For example: if a claimant at 2 o'clock in the afternoon on 1st April suffers an acute prolapsed intervertebral disc and becomes bedridden as a result, it could be said as a proper use of language that at the time the claimant `cannot' perform a whole range of activities in the physical disabilities section of the all work test, the scores from which would be sufficient to satisfy that test, making the claimant incapable of work. The reason is that the claimant's incapacity is an ongoing one.

However, if a claimant is unable to perform an activity at one moment, but may be able to do so in the next moment, it is not necessarily a proper use of language to say in the context of the all work test that the activity `cannot' be performed.

For example: in order to apply the all work test to a claimant who is disabled by low back pain that varies from time to time and from day to day, it is necessary to take a broader picture of the claimant than the disability on that day at that time.

That this is correct is underlined by the existence of some descriptors that apply where a disability is experienced `sometimes': see descriptors 5(c) and 6(c), which relate to rising from sitting and bending and kneeling. If the test could be applied at a particular moment and no consideration need be given to the claimant's capabilities at any time other than that moment, the claimant would always satisfy the `cannot' descriptors and these `sometimes' descriptors would never apply.

23. So far as tribunals are concerned, regulation 15 will apply where there is a sudden onset of or recovery from an incapacitating condition, including an intermittent incapacitating condition or the incapacitating intermittent features of a condition. It does not operate to ensure that a claimant with a variable condition that incapacitates him for a part of each day must be considered as incapacitated throughout the whole of every day."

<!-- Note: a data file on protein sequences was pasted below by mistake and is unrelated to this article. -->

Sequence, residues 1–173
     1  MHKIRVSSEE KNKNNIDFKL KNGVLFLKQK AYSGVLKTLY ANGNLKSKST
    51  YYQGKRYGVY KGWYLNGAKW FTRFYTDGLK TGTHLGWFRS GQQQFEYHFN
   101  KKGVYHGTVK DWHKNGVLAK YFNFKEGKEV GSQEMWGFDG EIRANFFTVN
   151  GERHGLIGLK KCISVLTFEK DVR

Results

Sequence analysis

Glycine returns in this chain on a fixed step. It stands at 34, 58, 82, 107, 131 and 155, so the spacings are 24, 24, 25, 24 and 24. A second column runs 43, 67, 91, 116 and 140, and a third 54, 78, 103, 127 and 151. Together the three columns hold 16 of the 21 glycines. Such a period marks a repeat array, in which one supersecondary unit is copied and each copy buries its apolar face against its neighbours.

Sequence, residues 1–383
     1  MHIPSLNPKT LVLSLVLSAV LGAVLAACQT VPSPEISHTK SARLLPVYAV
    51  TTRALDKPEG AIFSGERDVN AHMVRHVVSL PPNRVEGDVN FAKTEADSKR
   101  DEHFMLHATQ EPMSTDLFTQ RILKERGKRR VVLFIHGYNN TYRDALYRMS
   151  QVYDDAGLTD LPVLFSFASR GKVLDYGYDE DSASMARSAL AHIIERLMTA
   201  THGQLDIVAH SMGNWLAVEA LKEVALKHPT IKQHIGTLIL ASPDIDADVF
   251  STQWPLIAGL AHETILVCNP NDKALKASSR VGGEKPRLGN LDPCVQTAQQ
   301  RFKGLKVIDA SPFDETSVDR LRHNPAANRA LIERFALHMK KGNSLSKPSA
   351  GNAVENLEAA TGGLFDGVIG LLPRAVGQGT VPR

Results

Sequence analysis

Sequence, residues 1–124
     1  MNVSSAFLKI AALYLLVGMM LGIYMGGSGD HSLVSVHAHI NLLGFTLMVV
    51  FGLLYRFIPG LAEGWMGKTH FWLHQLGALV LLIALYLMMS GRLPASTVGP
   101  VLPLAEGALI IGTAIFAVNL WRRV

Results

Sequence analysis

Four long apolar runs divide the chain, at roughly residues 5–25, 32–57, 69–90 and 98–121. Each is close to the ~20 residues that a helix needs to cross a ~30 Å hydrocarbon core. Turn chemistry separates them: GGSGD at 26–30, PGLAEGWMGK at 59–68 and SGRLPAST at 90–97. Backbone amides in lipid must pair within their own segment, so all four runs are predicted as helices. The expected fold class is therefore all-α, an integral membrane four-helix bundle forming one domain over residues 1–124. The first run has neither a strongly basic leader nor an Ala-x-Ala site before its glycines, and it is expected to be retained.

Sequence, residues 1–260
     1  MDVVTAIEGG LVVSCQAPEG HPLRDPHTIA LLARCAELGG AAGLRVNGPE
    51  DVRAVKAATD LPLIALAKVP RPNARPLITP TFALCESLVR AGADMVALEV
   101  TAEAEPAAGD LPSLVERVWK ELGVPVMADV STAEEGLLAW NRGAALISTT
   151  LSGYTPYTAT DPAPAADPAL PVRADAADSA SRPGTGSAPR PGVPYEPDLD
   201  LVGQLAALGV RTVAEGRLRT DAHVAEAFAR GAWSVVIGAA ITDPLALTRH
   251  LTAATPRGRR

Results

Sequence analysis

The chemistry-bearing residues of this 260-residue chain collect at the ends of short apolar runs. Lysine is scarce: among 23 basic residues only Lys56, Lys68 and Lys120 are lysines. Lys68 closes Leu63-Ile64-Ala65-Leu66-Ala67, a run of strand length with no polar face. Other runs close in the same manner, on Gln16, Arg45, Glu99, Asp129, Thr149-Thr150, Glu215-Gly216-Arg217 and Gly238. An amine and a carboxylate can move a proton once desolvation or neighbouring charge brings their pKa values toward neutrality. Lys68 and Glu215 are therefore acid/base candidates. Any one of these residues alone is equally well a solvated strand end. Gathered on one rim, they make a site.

11. The Commissioner mentioned that the conclusion of Mrs Deputy Commissioner Ramsey in decision CIB/15482/1996 was in line with the above approach, although the terms used differed. In view of that, I take into account the more extensive reasoning in CIB/6244/1997.

12. In CIB/243/1998 the claimant suffered from asthma. His evidence included that he had severe and unpredictable attacks, especially first thing in the morning or in the winter. Mr Deputy Commissioner Mark found that the appeal tribunal had given adequate reasons for concluding that the claimant could normally perform any physical descriptor as and when called on to do so, but it had failed to consider the application of descriptors 5(c) and 6(c), the "sometimes" descriptors. It had also failed to consider whether there were any particular days or periods during the period in issue on which the claimant was incapable of work. The Deputy Commissioner said the following about regulation 15 in paragraph 13:

"This means that if the claimant suffers an asthma attack which does not last the whole day, he is still to be treated as incapable of work during that day, provided, of course, that the effect of the attack is that he would score 15 or more points using the descriptors for more than a minimal period."

13. In my judgment, that statement is not correct. For the reasons given by Mr Commissioner Jacobs in CIB/6244/1997, which I find persuasive, it is not possible to conclude that points are scored for descriptors other than the "sometimes" descriptors merely because the condition in the descriptor is met for some time during a day. At least in cases where the particular effects of the claimant's physical disablement fluctuate, a longer period must be looked at before it can be said that a person cannot carry out some activity. Only then can the points be scored. Regulation 15 does not bite until it can be said that a person is incapable of work. It does not bite on the individual questions to be answered in reaching an overall conclusion on incapacity for work.